The BCC’s quarterly economic survey shows the economy is likely to have grown by 0.6% during the second quarter of 2013: pretty good, considering the organisation’s previous forecast suggested it would be more like 0.9% over the whole year.
The rise in confidence is partly driven by export sales, which during the second quarter of this year hit their highest level since the survey began in 1989, while orders rose to their highest level since 1994.
Employment balances also rose following a decline in the previous quarter. With +19% of manufacturing companies creating new jobs (anything over 0 is more companies creating jobs than making redundancies), up from +11% in the first quarter. In the services sector, it rose from +6% to +15%.
Not everything is rosy, though: although the balance of manufacturing firms looking to increase the amount they’re investing in plant and machinery rose to +23%, in the service sector it fell by two points (though admittedly it was still positive) to +7%.
And although businesses are feeling positive, that doesn’t seem to be translating to their balance sheets: cashflow balances in both sectors are weak, increasing by just two points to +4% in manufacturing, and falling by five points to +1% in the services sector.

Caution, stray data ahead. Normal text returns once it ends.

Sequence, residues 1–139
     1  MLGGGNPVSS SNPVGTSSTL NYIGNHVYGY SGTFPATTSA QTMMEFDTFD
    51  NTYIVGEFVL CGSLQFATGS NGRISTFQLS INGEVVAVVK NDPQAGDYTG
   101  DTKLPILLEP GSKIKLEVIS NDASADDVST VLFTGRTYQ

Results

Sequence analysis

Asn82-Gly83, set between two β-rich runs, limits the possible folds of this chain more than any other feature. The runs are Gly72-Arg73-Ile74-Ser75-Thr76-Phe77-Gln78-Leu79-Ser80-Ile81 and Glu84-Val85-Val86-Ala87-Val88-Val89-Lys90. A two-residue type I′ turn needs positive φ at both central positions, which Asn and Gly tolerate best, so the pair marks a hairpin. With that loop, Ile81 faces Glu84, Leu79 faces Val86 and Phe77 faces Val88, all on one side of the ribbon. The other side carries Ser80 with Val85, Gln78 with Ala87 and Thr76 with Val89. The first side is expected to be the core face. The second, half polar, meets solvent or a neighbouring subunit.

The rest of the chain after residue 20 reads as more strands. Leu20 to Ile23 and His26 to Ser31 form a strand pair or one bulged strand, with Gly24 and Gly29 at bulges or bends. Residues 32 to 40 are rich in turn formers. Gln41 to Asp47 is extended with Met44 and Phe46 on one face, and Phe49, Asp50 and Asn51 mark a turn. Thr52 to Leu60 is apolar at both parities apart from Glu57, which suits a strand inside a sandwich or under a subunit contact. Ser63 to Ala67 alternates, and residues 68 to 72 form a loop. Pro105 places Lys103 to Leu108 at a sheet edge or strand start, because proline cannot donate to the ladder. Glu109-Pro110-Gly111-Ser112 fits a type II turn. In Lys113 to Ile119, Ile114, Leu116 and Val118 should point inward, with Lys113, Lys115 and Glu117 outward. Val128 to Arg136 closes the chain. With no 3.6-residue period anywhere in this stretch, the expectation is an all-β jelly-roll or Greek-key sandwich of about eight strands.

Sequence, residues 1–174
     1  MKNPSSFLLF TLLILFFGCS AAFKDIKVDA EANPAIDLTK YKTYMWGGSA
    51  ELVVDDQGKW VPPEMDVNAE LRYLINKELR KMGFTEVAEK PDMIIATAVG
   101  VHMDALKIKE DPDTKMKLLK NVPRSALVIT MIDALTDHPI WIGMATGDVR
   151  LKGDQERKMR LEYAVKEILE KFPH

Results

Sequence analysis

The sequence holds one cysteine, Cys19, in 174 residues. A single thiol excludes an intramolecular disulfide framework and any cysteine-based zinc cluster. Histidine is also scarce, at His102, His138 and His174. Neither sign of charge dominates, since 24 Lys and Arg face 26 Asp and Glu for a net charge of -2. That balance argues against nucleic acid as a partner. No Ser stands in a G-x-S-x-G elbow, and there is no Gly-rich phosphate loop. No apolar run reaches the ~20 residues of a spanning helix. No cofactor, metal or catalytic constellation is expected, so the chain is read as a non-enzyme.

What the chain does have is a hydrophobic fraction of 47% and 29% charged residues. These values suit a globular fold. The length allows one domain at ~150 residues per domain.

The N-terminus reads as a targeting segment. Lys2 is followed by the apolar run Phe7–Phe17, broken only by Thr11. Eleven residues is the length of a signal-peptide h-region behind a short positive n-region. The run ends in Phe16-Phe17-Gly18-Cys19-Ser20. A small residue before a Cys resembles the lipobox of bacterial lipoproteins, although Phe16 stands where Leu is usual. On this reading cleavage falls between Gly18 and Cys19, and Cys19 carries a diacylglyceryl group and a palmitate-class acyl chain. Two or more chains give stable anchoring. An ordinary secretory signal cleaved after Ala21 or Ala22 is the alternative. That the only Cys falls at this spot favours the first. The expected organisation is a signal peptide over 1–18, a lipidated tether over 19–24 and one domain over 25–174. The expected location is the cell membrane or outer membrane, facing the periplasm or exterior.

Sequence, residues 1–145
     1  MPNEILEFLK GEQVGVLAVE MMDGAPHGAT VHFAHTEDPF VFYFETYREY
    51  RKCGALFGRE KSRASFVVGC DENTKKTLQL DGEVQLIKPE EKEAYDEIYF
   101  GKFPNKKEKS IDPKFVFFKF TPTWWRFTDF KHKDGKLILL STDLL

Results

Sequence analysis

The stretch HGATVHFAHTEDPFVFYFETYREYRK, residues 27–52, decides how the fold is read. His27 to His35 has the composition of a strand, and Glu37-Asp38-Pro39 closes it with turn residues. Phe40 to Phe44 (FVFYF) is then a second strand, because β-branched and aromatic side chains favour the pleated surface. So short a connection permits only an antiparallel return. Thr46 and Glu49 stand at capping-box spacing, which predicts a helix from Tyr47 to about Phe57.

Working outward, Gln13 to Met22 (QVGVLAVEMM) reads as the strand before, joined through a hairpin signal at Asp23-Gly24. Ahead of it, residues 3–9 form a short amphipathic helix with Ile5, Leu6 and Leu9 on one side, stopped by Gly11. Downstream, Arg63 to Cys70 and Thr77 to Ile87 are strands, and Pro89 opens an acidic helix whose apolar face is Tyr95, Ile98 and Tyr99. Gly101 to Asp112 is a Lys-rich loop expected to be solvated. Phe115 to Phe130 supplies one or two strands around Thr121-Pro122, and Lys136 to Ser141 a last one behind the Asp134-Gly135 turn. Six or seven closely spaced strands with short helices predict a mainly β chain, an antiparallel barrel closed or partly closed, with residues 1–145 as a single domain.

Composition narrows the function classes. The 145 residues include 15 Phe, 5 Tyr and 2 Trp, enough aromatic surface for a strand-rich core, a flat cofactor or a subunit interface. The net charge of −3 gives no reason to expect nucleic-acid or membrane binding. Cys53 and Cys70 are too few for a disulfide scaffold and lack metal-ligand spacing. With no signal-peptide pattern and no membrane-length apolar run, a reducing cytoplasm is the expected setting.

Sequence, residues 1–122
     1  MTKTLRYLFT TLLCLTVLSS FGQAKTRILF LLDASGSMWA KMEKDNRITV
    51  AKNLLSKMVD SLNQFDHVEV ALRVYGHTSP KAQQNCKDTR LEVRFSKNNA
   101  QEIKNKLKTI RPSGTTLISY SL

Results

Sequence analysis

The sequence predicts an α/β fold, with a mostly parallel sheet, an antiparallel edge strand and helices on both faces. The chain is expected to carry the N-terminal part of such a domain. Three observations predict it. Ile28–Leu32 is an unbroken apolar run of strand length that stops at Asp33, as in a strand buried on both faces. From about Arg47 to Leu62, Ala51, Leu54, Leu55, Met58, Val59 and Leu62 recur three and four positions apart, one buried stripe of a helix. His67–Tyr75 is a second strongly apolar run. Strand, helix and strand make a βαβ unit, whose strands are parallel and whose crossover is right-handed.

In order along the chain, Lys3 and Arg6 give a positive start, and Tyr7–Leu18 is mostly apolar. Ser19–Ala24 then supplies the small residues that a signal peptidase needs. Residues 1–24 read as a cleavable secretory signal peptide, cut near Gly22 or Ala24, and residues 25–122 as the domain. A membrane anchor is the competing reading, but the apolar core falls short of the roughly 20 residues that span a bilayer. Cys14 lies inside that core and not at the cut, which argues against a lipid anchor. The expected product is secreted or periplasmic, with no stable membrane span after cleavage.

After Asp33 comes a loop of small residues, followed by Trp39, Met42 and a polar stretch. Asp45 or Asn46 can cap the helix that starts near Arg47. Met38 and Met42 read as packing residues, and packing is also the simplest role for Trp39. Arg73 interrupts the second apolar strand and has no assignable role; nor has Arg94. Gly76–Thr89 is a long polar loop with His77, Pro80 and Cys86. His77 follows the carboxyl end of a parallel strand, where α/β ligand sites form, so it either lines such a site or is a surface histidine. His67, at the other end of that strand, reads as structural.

This comes less than a week after figures from the Office for National Statistics suggested that we didn’t, after all, go into a double-dip recession last year, which would have been very encouraging, had the ONS not also pointed out GDP has fallen by 7.2% against its peak in 2008. So any suggestion the economy will improve more than expected this year will come as a relief to the Bank of England, Treasury et al.
David Kern, chief economist at the BCC, is nevertheless cautious.
‘Serious risks remain at home and abroad,’ he said in this morning’s statement.
‘Domestic inflation has increased again, and this risks worsening the squeeze on businesses and consumers.
‘To support UK firms, the [Bank of England’s] Monetary Policy Committee must avoid steps such as adding to QE, which could trigger a further rise in inflation. At the same time, the MPC should also strive to keep interest rates low to encourage businesses to invest. The government should also play a role by giving greater support to exporters, and providing access to finance for dynamic, viable businesses.’
Crikey. Demanding, much?